May Hedge a gram

Happy May!

     This is Jan Brett, and this is my May hedge-gram. Every month I stop my work so I can write about what I'm doing in my life as illustrator and children's book writer. It gives me a good feeling to think I could talk about my work in a way that would help aspiring illustrators know what it's really like. My version, anyway.
     I am very anxious to begin the finishes for my turtle book, MOSSY. I've done thumbnails of the 32 page dummy, and collected a lot of the research material , but several other projects have gotten in the way. For the last week I've been working on the news notes or "all about" letter to kids about HOME FOR CHRISTMAS. I reassembled all my books and photos from our trip to Sweden last year with our friends Elof and Gudrun, who are Swedish. Since my book takes place in the Swedish countryside I bought lots of books showing the plants and animals that live there. For one thing Swedish squirrels have long tufts on their ears. Also their bumblebees look like they've been dipped in white paint - just the very end of them. There were lots of plants that were new to me, and many birds. I've been in quite a few arctic countries - ones that are above the arctic circle, Baffin island, in Canada, Iceland, Norway, and now Sweden. Next Spring I'm planning a trip to Russia, and St. Petersburg must be fairly close to the arctic circle too.
     One of the birds I saw in Sweden that I drew in my news notes is the Capercaillie, which is the world's largest grouse. It lives in wild places that are fairly remote, so it has become a symbol of unspoiled nature. We got up at 3:00 in the morning to be up at sunrise in order to see the male's courting dance that he performs for the females. It is a gathering called a lek, and the males compete with each other. On our walk into the forest we saw a few females, but the males were not to be found. The Capercaillie also lives in remote parts of Scotland where conservationists have had a tartan, the name for Scottish plaid cloth, created using the colors of the Capercaillie, black, white, brown and blue. The money from the sale of the tartan helps to preserve the habitat.
     In Stockholm, Sweden's best known city there is an open air museum. They have brought historically important houses from all over Sweden, and reassembled them. One building was a log storage barn, quite small. It was standing on 6 trees, that were peeled of their bark, and the spreading roots at their bases were left intact. It looked all the world like the hut on fowl's ( chicken's) legs that appears in Russian folk tails. I made sure I added one like it on the troll's farm.   Skansen is the name of this wonderful park in the heart of the city. I was also able to see all the animal characters in my book, moose, bear, otter, lynx, grey owl, squirrel and bumblebee.  The only character I couldn't find was a troll. Maybe they saw me but I didn't see them.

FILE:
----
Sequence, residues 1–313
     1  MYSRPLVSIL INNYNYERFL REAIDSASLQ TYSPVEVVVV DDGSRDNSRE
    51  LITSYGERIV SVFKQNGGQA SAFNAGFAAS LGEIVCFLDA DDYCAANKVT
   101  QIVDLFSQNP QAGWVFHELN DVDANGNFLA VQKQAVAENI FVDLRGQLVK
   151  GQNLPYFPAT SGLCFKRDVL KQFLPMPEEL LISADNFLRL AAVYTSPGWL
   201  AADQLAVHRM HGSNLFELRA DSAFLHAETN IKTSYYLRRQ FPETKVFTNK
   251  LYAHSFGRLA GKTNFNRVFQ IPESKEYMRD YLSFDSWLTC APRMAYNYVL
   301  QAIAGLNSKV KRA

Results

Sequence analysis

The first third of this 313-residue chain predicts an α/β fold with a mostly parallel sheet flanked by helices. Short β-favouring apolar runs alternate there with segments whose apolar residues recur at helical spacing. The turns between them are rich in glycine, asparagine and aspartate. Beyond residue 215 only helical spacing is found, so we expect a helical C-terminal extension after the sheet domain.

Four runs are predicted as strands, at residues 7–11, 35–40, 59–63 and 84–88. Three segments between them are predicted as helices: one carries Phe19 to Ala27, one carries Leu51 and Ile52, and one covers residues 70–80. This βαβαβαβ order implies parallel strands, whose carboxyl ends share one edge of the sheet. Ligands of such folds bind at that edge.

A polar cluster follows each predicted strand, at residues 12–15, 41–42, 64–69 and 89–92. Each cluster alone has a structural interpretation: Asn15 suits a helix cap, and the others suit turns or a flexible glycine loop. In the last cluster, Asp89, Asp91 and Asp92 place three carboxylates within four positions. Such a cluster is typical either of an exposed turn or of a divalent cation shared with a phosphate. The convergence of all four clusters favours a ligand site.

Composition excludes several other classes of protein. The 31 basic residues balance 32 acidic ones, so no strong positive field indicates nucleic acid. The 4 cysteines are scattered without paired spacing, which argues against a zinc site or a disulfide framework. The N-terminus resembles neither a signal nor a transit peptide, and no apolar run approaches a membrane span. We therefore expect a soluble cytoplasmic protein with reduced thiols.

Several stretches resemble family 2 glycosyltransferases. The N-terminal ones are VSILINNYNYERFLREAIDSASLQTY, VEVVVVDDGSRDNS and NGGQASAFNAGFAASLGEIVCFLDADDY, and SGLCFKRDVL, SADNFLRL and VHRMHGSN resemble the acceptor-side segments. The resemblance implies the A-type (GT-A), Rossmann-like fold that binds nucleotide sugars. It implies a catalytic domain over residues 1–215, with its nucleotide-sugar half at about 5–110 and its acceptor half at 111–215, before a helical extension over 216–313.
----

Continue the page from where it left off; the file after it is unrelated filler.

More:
I am very eager to get back to my turtle book. I am taking note of the wild flowers in our yard and in the woods, and when they are blooming so I will have it right when Mossy and Scute, my two turtle characters are shown in their natural habitat. I have yet to see a real live turtle this year, but that's because I need to spend more time in the woods. When we move up to the Berkshires for the summer in a few weeks I will spend quite a bit of time on the Appalachian trail, and maybe I'll see some turtles. We have created a turtle pond, and so far only a huge bullfrog has moved in. I've been wondering why there hasn't been any spring peepers in our pond, when we've been hearing them out back, but it may be that they don't want to share the pond with the huge bullfrog! I read that a bullfrog will eat hummingbirds. We are adding a sandy spot next to the pond so female turtles will be attracted to an ideal nesting site. I have heard that turtles like soft fluffy soil that they can dig in, in order to lay their eggs.
     I hope story ideas are coming to you fast and furiously, and you are jotting down ideas that you can work into a story. I find it works best to write the story first. Maybe you have written a story, and now are ready to create illustrations. I usually make a 32 page dummy first, at about half the size of the finished book.  Then I can work on the ups and downs of my story. I'm trying to let all the energy of spring energize and motivate me! Good Luck with your creative projects.   Happy Spring,

                  Your Friend,

                    Jan Brett